In the background of the plot that remains on the planet’s surface another nebulously described force is at play: The Fear.  The Fear seems to be a disease that seems to strike more backward and decadent worlds, causing “all will to live” to vanish after “the period of persecution” (9)  Holdstock wields the Fear less as a scientific disease and more as a powerful metaphor: the force that will transform humankind from their technologically dependent state.

Onto this fantastically realized planet arrive the characters.  First, there is Zeitman, a scientist, returning to Ree’hdworld for the second time.  He seeks to explain a strange serious of occurrence on the planet: notably increasing violence between humans and the Rundii and changing patterns of interaction between the Ree’hd and the human inhabitants of Terming.  Zeitman’s previous scientific research has soured his relationship with the Ree’hd after a horrific incident caused by his ignorance of their customs.

There is a more personal element to his visit as well.  He seeks to re-unite with Kristina, his estranged partner. Legally still Zeitman’s wife and his one-time colleague in exploration of Ree-hdworld (and the reason he had fled the planet in the past).  Kristina has gone native in Zeitman’s absence: she lives with the Ree’hd Urak in his mud burrow.  She participates in the rituals that dominate Ree’hd existence including the dawn singing.  And in a strange way, she realizes that she deeply loves Urak and Urak loves her although some intangible seems to prevent permanent pairing:  “they looked at each other, human and alien, exchanging a gaze that each interpreted in his or her own way, but both interpreted correctly: For Kristina, a look of absolute love; for the Ree’hd, warmth and affection, the alien version of emotions that ought to have led to the cementing of a relationship for life” (23).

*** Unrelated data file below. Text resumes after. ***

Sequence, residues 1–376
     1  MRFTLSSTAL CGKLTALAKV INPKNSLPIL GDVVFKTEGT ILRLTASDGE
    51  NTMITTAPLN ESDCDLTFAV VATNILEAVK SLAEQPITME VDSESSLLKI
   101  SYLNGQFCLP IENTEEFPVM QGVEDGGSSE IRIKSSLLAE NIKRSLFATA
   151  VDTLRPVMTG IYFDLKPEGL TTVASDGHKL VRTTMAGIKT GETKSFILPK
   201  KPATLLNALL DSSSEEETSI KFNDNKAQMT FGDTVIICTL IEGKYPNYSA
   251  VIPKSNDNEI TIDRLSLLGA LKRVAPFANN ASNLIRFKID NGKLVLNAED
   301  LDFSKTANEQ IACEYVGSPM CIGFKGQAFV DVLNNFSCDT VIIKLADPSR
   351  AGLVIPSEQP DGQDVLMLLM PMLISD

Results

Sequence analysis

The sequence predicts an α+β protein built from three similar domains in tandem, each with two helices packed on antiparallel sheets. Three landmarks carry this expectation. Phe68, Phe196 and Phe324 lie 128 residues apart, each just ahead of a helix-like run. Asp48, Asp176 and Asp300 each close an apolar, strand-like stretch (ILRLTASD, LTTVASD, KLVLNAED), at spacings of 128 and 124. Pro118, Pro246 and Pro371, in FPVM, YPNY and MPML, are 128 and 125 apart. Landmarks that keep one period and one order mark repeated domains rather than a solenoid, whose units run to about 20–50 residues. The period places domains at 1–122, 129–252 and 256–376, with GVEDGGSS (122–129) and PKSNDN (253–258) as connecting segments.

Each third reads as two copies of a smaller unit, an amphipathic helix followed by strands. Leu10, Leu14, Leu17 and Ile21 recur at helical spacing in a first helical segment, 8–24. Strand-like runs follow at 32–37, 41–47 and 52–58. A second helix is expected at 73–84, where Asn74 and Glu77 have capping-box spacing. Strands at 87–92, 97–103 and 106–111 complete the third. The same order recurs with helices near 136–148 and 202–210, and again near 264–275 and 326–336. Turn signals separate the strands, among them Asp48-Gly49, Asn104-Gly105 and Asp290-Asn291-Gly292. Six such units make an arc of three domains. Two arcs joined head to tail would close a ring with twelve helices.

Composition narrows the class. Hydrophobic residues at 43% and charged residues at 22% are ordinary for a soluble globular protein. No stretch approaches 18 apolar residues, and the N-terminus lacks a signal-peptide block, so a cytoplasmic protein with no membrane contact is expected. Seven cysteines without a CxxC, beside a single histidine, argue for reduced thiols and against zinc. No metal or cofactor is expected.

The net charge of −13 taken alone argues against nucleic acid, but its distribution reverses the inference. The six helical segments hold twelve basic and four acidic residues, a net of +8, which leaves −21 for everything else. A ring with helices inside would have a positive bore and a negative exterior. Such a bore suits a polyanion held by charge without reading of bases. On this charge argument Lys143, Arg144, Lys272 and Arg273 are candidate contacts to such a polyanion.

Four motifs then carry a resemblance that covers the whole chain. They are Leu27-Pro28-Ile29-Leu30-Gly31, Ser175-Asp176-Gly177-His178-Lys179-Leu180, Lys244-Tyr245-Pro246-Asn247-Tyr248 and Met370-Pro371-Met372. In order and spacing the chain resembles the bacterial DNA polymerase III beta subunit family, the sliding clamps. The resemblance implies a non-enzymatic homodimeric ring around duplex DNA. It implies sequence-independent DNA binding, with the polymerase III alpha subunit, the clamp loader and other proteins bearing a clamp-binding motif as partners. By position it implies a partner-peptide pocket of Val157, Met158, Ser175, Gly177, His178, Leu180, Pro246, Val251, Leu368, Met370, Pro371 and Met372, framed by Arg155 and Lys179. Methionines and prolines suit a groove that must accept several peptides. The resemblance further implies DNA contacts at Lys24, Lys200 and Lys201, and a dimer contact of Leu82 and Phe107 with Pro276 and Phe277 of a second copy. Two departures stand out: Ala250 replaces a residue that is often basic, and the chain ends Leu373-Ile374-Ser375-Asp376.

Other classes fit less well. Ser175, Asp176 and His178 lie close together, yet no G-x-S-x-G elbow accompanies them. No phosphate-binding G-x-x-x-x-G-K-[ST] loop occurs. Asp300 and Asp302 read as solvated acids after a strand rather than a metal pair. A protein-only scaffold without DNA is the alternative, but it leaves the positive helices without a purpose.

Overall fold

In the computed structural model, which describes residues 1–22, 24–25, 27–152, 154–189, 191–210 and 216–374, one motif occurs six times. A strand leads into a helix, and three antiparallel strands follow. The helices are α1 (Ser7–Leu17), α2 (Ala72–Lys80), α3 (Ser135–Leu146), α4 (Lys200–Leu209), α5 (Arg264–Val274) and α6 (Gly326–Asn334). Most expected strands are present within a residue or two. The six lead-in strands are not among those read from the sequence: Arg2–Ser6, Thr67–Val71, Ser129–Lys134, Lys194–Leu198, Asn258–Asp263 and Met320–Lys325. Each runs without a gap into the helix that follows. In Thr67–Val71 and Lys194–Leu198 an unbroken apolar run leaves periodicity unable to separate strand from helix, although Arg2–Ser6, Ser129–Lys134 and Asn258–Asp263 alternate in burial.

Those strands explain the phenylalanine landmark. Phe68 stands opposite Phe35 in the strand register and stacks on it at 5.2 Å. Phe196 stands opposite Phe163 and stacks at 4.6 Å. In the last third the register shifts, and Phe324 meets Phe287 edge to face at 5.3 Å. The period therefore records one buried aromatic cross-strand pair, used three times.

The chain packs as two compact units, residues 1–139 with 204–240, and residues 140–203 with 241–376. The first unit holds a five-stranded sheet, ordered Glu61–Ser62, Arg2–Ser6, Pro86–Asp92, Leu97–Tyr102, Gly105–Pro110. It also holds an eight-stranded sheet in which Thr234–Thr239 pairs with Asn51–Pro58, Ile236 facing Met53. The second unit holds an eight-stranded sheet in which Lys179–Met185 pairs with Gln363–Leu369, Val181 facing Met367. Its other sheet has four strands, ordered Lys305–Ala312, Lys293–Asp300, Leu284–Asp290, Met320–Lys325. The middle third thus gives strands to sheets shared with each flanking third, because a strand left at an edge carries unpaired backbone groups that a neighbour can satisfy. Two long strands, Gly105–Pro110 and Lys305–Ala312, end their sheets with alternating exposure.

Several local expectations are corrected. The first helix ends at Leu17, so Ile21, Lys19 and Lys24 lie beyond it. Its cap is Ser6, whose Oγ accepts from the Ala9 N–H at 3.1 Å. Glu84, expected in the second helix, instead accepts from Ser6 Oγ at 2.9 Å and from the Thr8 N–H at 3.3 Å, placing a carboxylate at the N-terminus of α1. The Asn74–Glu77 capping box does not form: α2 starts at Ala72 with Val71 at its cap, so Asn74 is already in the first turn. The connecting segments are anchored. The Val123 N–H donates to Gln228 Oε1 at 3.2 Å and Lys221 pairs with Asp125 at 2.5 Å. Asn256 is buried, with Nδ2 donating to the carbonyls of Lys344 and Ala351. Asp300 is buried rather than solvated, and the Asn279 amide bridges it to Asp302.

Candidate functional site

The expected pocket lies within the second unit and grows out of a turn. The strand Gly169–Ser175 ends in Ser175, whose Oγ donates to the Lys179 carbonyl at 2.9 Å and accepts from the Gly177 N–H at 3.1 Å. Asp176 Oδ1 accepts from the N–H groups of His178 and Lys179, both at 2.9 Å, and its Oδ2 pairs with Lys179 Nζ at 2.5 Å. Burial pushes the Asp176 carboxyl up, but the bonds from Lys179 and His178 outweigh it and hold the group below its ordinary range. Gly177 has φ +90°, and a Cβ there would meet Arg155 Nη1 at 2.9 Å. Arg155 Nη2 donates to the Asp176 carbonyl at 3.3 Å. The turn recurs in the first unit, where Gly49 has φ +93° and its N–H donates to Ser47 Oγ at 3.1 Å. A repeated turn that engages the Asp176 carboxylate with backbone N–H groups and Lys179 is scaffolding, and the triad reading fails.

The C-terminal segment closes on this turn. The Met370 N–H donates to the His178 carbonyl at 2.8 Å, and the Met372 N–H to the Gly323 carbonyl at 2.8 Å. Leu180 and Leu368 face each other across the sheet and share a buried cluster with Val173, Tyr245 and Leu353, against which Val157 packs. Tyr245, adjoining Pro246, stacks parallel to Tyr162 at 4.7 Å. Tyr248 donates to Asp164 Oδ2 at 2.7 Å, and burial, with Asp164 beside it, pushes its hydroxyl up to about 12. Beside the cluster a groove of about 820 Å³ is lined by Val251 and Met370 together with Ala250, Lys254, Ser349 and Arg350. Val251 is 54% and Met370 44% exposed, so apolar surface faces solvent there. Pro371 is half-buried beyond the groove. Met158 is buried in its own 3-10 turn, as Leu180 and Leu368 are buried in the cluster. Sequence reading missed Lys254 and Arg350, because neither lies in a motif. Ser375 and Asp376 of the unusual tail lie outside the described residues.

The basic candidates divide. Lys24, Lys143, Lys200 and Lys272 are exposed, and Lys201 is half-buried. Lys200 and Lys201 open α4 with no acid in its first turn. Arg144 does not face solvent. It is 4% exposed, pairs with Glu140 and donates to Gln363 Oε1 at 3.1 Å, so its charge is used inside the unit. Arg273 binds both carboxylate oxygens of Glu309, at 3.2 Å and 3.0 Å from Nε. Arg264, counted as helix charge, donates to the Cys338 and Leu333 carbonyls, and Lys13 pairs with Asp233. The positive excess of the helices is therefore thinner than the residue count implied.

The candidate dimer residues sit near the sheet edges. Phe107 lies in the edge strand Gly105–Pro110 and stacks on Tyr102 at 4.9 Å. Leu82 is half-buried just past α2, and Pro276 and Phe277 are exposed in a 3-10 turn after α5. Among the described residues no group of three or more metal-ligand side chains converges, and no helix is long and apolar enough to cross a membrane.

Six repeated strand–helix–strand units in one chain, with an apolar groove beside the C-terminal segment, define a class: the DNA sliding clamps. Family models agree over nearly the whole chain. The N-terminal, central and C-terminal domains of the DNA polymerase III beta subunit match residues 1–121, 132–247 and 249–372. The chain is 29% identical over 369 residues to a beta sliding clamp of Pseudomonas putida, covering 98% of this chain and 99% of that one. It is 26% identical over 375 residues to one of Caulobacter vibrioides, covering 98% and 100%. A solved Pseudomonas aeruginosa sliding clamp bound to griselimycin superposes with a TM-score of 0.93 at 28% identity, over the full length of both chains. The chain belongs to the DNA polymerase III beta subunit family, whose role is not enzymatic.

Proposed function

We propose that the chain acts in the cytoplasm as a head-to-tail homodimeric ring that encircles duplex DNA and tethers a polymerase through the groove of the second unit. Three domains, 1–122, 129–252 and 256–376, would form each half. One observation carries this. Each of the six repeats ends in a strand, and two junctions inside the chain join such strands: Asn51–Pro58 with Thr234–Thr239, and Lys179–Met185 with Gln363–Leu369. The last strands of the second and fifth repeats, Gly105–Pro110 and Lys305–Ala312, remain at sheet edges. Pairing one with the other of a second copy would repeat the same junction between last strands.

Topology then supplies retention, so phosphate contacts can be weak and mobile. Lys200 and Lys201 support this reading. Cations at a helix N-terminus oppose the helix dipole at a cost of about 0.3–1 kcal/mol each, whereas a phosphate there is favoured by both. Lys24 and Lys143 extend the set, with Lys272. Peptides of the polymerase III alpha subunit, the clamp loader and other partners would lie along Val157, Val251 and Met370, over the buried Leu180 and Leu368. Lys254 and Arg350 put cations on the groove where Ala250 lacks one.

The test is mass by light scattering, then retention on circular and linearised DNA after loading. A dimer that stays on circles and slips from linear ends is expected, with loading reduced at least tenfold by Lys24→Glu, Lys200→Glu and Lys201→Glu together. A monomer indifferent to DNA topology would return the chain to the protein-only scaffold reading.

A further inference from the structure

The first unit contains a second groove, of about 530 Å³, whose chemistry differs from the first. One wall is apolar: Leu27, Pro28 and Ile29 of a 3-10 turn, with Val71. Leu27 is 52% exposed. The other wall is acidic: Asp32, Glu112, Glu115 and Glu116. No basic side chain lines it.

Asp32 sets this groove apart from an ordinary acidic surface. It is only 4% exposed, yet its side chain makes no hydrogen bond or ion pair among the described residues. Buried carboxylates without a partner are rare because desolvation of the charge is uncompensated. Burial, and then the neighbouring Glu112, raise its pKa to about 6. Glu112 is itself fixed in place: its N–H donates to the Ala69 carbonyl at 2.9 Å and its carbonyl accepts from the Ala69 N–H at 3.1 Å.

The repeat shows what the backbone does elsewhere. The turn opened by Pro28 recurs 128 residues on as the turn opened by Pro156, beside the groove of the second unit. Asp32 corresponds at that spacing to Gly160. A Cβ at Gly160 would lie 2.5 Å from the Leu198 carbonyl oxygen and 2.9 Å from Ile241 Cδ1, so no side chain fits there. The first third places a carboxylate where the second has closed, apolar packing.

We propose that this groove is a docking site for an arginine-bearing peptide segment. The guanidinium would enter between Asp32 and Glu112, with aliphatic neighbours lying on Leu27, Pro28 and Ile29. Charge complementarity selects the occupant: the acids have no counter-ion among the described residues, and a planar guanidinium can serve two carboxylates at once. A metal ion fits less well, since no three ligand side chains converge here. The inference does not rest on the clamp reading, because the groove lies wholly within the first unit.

And then there is Maguire, who claims to be hundreds of years old and one of the first explorers of the world.  On the shuttle ride down to the planet’s surface Susanna, Zeitman’s aid, observes him vanish: “He was sitting there one moment, and he looked at me, and I saw him vanish in a split second! Oh, God!”  (19).  He claims to see despite his blindness and claims to know about the Piahmar, who might still exist.

Final Thoughts

Although not a plot driven work, the final quarter of novel picks up steam and reveals the biological and societal mysteries of the Ree’hd, the Rundii, and the Piahmar and attempts to speculate on the interaction of technology and human development.

The world is relentlessly interesting—Holdstock interjects delightful descriptive tidbits continuously through the narrative—and the transformations the Ree’hd, who choose to live with man, undergo is poignant and disturbing.

The biggest flaws concern the characters who are distant and less adeptly drawn.  The main protagonist is a scientist who cannot let go, to the point of physical violence, his one-time wife, Kristina.  His frustration is further exasperated because Kristina lives with the Ree’hd and views herself as a Ree’hd but this plot-line is infrequently expanded on and thus the “going native” is less than convincing.  I found the world-engulfing disease, The Fear—that could at any moment send billions of refugees to Ree’hdworld—the most sinister and intriguing element of the novel.  Ree’hdworld has remained mysteriously disease-free, and refugees from the Fear would unsettle the biological and sociological balance of the planet and its inhabitants.